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An Introduction to Ancient Greece


More of this Feature

• Part 2: Athens
• 
Part 3: Religion
• 
Part 4: Math, Science, and History

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Part 1: The City-State and Sparta

Ancient Greece wasn't one large empire but a collection of smaller city-states. The term the Greeks used was polis, which meant (more or less) "city-state." A polis was bigger than a city but smaller than a state. They were scattered throughout the Mediterranean area. Some were sea-ports; others were more inland. Some of the more famous city-states were Athens, Sparta, Corinth, Delphi, and Thebes.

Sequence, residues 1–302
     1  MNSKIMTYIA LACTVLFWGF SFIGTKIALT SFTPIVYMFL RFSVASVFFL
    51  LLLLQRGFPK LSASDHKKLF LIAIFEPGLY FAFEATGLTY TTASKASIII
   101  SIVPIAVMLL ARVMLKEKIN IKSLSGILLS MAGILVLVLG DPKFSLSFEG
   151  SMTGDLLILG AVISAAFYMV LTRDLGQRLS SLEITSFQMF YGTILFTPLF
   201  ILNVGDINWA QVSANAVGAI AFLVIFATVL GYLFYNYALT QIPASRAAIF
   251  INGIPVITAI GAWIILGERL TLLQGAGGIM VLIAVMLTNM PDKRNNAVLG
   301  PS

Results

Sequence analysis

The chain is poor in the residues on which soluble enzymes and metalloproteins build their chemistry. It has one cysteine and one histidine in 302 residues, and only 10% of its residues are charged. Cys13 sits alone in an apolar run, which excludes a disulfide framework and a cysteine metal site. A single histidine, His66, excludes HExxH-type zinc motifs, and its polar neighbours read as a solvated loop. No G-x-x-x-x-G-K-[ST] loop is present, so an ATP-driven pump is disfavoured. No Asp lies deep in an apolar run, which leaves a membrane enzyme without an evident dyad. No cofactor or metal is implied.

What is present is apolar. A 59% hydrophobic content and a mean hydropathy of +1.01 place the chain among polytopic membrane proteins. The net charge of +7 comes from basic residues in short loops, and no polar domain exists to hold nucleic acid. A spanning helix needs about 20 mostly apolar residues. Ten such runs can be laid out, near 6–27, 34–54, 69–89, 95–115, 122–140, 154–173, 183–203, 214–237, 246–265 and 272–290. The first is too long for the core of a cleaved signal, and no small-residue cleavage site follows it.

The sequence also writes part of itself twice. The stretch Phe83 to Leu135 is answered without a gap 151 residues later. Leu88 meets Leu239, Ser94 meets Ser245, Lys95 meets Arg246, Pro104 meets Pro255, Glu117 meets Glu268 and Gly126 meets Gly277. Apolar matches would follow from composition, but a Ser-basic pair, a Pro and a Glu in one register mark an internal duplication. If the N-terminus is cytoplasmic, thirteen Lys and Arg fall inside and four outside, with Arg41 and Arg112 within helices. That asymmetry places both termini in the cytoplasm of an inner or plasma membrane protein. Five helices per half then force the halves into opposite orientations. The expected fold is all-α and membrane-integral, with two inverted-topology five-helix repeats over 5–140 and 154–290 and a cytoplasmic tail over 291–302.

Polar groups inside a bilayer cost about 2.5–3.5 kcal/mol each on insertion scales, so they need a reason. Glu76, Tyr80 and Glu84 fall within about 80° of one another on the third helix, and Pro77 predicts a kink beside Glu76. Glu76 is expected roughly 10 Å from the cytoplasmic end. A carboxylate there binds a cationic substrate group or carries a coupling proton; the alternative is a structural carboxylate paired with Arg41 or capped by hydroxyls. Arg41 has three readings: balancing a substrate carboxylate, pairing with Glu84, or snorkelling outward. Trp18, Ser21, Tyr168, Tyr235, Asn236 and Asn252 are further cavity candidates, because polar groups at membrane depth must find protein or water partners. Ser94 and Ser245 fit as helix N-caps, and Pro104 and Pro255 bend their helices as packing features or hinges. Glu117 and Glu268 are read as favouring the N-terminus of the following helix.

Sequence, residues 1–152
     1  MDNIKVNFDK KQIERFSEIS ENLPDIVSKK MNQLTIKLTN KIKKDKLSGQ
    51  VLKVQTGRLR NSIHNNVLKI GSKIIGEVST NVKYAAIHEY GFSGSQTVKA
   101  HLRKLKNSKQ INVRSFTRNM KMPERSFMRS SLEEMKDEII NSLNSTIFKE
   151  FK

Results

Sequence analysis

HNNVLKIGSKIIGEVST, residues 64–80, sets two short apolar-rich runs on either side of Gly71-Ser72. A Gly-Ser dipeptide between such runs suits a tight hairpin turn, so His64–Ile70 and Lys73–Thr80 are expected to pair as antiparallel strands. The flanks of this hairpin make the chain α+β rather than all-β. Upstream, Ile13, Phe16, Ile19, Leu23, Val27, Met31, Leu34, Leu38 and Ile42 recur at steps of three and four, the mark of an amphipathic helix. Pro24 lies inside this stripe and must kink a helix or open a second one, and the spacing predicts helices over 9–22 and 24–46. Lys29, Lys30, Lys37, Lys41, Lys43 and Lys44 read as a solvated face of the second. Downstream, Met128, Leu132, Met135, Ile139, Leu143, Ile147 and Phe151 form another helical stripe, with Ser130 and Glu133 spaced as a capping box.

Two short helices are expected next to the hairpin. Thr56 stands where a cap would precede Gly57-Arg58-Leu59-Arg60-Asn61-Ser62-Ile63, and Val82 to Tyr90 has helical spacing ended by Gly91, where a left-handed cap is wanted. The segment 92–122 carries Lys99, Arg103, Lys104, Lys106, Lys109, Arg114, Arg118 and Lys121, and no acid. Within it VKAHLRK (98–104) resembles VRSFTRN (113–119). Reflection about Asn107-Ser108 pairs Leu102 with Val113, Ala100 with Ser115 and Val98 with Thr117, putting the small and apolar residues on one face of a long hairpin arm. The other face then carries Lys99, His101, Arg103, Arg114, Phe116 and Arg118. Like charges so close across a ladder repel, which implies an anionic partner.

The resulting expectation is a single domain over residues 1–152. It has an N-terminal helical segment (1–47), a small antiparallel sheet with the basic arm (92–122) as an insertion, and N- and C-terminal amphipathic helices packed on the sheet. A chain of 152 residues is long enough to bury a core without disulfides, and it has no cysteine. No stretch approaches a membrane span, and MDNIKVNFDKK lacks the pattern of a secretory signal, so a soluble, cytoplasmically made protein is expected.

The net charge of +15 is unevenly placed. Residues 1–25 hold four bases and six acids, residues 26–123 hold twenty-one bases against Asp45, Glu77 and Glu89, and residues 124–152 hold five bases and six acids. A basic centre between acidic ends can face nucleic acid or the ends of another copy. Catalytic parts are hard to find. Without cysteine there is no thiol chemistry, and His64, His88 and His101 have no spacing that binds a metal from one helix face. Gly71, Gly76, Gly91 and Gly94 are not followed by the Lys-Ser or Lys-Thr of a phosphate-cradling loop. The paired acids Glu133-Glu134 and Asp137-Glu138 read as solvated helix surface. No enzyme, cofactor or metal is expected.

The people living in these city-states were all Greek, coming from a common heritage. But the people of each city-state did different things and had different beliefs.

Sparta, for instance, was a place of great determination. The Spartans believed in a strong army. All Spartan boys were trained to be soldiers. When the Persians invaded Greece, the other city-states looked especially to Sparta and its army to keep them safe.

The creation of the Spartan military state is credited to Lycurgus, a legendary man who gave Sparta is laws. He said that land should be divided equally among all people. He also said that all people should eat meals together in large halls, so the rich couldn't enjoy food while the poor starved. Most famous, perhaps, is the Senate, a part of government that made laws and kept tyrants in check.

Next page > Athens > Page 1, 2, 3, 4

Graphics courtesy of ArtToday


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